CCBC's Evan Balkan captures first place in features category of the 2016 Baltimore Screenwriters Competition

May 10, 2016

Evan L. Balkan, English Department Coordinator for the Community College of Baltimore County, Catonsville, garnered first place in the Features category of the 11th Annual Baltimore Screenwriters Competition for his original period historical sports-drama, “Spitfire.” The screenplay is about eleven year-old Caroline Panski, growing up in Baltimore in the early 1950s,and her desire to play ice hockey even though, “Boys play hockey; girls ice skate.” Her life is further complicated when her father dies in the Korean War and Caroline befriends Joseph, an African-American student integrating her school. The limitations of his race and her gender mean they must find an ally in each other.

According to the announcement, the competition is designed to create awareness of screenplays as a literary art form and to encourage new screenwriters into the entertainment industry. The Baltimore Screenwriters Competition is a project of the Baltimore Film Office at the Baltimore Office of Promotion & The Arts, in conjunction with film programs at Johns Hopkins University and Morgan State University. Funding is provided by Morgan State University, The Arts Insurance Program, a division of Maury, Donnelly and Paur and Johns Hopkins University. Additional support is courtesy of the Maryland Film Festival, NEXTCAR and Visit Baltimore, The Charles Theatre, the Senator Theatre and Landmark Theatres.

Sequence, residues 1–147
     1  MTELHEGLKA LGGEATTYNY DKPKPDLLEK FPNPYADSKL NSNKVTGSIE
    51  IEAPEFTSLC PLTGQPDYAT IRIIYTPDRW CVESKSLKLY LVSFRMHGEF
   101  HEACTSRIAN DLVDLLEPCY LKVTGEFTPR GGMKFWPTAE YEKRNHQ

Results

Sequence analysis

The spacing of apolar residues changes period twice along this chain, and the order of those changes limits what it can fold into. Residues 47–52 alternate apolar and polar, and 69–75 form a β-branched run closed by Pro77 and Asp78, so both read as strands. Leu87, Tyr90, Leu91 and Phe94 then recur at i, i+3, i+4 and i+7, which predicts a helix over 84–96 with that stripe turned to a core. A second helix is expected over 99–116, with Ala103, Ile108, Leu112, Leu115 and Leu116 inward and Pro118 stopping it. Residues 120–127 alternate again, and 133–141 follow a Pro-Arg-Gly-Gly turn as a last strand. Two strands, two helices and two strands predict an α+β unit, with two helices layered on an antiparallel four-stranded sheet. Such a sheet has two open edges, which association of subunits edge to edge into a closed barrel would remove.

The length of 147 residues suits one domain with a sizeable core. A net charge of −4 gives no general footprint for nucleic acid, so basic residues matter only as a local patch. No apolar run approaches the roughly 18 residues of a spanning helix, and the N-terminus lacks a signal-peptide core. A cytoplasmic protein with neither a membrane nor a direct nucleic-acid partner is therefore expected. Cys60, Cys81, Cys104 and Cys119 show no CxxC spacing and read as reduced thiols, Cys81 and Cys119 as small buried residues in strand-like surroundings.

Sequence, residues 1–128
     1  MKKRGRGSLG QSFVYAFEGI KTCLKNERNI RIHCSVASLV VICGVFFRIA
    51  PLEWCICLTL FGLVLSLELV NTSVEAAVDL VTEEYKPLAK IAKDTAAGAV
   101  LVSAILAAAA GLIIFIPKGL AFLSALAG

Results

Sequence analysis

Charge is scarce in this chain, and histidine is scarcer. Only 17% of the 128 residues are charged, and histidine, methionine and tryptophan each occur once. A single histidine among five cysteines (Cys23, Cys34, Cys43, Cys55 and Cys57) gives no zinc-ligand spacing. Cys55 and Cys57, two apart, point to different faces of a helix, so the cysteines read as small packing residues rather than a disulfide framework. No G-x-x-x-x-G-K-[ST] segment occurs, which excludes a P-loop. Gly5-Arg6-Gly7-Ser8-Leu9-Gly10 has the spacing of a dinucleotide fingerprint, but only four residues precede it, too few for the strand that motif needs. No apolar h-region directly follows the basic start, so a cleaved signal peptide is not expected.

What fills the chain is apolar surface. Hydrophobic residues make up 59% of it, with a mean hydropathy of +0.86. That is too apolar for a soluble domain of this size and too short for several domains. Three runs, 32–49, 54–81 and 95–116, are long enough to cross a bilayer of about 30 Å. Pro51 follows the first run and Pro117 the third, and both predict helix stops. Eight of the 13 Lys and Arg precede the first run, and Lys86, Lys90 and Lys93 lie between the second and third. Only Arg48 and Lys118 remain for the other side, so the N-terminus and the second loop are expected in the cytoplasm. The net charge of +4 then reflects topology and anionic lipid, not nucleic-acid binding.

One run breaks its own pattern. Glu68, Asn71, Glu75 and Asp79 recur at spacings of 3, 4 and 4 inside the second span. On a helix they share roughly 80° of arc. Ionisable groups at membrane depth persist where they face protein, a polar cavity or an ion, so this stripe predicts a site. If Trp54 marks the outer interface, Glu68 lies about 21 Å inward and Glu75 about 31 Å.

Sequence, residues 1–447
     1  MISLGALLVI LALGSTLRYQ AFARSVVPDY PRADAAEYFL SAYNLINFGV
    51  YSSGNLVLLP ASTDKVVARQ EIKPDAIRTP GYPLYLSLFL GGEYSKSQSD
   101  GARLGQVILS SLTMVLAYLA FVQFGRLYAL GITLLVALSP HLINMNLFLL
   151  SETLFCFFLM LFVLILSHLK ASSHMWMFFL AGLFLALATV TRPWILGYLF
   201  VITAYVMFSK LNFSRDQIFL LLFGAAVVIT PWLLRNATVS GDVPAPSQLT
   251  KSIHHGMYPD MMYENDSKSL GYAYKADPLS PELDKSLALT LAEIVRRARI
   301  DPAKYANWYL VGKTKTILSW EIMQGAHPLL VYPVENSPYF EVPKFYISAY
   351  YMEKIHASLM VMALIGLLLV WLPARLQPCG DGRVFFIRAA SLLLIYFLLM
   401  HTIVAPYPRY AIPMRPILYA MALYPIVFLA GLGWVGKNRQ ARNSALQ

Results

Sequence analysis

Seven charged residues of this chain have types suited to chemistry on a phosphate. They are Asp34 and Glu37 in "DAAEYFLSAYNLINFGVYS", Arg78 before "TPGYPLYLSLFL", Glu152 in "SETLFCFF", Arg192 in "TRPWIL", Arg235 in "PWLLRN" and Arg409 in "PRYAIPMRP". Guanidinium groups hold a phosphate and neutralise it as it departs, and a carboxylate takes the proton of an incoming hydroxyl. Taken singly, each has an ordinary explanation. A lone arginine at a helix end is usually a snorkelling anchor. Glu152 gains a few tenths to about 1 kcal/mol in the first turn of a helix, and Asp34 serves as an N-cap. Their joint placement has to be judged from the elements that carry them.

In addition to this screenplay, Balkan is the author of six books of nonfiction, including The Wrath of God: Lope de Aguirre, Revolutionary of the Americas (University of New Mexico Press). His writing has appeared in numerous journals and literary magazines throughout the United States, as well as in England, Canada, and Australia. He was recently chosen as a fellow in the inaugural Saul Zaentz Innovation Fund Screenplay Lab at Johns Hopkins University. He holds degrees from Towson, George Mason, and Johns Hopkins Universities and has served as a guest lecturer at many institutions, including Bryn Mawr, Johns Hopkins, and Yale universities.

Professor Balkan, a Towson resident, has been on the CCBC faculty for 15 years and currently teaches screenwriting and creative writing in the School of Liberal Arts on the Catonsville campus.